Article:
I Survived a Crime: PTSD from the Inside Out 

Last week I peered into the rabbid blue eyes of death.

If you’re aware of the details of the situation, I ask you to not to comment as I am in process of working with the legal system. 

Due to PTSD, I’ve sobbed uncontrollably several times a day.


My thoughts and activities derail as a flooding of intrusive images intercept my daily tasks.

One moment I’m walking forward in life, and then in a second I see violent replays in my mind.

The emotions flood over me, eclipsing every aspect of life.

This crime happened in a place where I’d always felt safe, in a lovely setting.


Suddenly the tides turned into a vicious tsunami of fear and pain.

The pain – for  me, wasn’t physical.

Yet my insides felt ripped to shreds.


I’ve completed a police report and spoken to several police officers and sergeants.

As I wrote the report, an ocean of tears poured out of my heart. I sobbed uncontrollably.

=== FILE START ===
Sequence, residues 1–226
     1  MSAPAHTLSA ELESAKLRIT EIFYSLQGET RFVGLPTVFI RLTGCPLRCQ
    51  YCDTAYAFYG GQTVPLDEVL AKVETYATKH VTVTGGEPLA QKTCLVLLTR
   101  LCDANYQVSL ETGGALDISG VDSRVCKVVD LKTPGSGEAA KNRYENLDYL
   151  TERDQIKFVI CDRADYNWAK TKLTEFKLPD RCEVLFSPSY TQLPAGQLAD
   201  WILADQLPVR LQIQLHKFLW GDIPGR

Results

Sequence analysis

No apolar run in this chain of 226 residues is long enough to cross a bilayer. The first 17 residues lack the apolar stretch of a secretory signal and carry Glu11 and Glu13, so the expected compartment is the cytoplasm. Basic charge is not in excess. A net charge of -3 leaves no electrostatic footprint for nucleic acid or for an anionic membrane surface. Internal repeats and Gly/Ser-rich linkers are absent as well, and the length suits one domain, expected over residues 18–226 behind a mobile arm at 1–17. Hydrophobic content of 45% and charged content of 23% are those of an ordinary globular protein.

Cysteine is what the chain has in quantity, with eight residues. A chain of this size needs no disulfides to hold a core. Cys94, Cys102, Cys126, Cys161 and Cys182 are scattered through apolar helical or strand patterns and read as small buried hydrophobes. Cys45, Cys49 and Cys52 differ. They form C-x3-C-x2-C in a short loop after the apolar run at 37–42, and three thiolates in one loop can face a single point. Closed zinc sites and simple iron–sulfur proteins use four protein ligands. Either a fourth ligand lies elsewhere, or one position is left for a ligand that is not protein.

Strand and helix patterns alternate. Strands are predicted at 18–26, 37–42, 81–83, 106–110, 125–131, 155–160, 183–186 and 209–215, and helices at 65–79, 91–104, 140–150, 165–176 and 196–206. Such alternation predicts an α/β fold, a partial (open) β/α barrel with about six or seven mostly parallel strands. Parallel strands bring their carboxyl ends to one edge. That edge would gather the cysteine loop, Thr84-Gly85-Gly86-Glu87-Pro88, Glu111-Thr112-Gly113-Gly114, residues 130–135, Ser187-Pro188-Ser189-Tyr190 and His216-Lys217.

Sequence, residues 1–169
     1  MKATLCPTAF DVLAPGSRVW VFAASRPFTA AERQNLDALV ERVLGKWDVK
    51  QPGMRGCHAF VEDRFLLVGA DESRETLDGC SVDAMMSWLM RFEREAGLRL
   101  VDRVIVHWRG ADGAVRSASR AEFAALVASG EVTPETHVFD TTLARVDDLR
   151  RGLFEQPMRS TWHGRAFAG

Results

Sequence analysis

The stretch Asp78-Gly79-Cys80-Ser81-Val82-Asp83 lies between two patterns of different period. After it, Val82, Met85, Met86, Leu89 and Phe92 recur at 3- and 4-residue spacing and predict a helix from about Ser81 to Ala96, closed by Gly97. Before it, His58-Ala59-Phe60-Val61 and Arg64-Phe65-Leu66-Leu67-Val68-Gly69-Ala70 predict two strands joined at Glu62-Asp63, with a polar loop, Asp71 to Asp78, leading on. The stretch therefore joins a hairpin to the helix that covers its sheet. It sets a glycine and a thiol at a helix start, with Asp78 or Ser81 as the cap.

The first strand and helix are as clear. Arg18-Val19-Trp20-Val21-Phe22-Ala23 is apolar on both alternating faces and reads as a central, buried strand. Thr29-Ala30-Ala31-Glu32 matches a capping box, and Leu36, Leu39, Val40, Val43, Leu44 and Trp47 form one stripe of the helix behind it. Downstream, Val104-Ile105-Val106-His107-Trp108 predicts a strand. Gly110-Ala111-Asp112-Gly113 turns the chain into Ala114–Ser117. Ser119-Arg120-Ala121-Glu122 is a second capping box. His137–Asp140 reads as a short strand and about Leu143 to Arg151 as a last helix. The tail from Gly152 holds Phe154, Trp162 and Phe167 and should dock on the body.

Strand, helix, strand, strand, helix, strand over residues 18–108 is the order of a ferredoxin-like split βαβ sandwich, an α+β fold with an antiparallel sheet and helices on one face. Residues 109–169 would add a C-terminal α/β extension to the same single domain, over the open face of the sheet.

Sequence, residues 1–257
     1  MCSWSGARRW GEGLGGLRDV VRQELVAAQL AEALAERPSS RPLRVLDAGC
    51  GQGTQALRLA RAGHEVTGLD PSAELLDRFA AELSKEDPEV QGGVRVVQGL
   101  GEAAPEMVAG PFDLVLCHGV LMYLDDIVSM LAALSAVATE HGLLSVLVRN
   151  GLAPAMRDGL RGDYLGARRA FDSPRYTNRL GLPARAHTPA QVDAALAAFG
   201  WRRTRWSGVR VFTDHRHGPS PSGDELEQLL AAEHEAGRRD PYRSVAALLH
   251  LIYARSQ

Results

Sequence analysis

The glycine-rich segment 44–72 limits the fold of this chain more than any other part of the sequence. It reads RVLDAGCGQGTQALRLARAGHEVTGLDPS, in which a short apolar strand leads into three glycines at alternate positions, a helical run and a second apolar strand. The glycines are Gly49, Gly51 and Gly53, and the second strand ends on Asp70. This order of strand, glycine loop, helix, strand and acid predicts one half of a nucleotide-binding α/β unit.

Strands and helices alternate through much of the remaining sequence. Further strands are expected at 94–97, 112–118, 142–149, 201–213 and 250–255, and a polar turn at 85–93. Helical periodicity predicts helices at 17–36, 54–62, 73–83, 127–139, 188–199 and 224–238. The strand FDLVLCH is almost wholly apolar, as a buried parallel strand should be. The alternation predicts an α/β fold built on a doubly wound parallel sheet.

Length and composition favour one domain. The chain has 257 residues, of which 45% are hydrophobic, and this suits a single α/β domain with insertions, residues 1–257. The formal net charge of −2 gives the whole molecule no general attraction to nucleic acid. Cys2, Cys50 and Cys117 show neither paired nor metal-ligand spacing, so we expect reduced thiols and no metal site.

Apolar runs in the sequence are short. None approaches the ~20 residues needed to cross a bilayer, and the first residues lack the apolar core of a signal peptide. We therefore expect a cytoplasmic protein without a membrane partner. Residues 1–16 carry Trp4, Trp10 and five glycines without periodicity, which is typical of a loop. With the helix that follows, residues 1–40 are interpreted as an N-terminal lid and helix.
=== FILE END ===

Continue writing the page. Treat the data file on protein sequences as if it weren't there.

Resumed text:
Again.


When I close my eyes at night, I see an image of the suspect.

Many stores, people and situations “trigger” me into a sea of tears.

Children, babies, pregnant women, certain animals, smiles, a squeaky swing set, hamburger meat, certain words, and colors trigger me. A white door triggered me the other day.

Even my husbamd’s snoring. (I almost laughed when I realized this.)


I can’t work, although I love my job.

The way such crimes work is the victim pays for all medical and counseling bills herself.

Then, someway or somehow -she can address the costs through the legal system.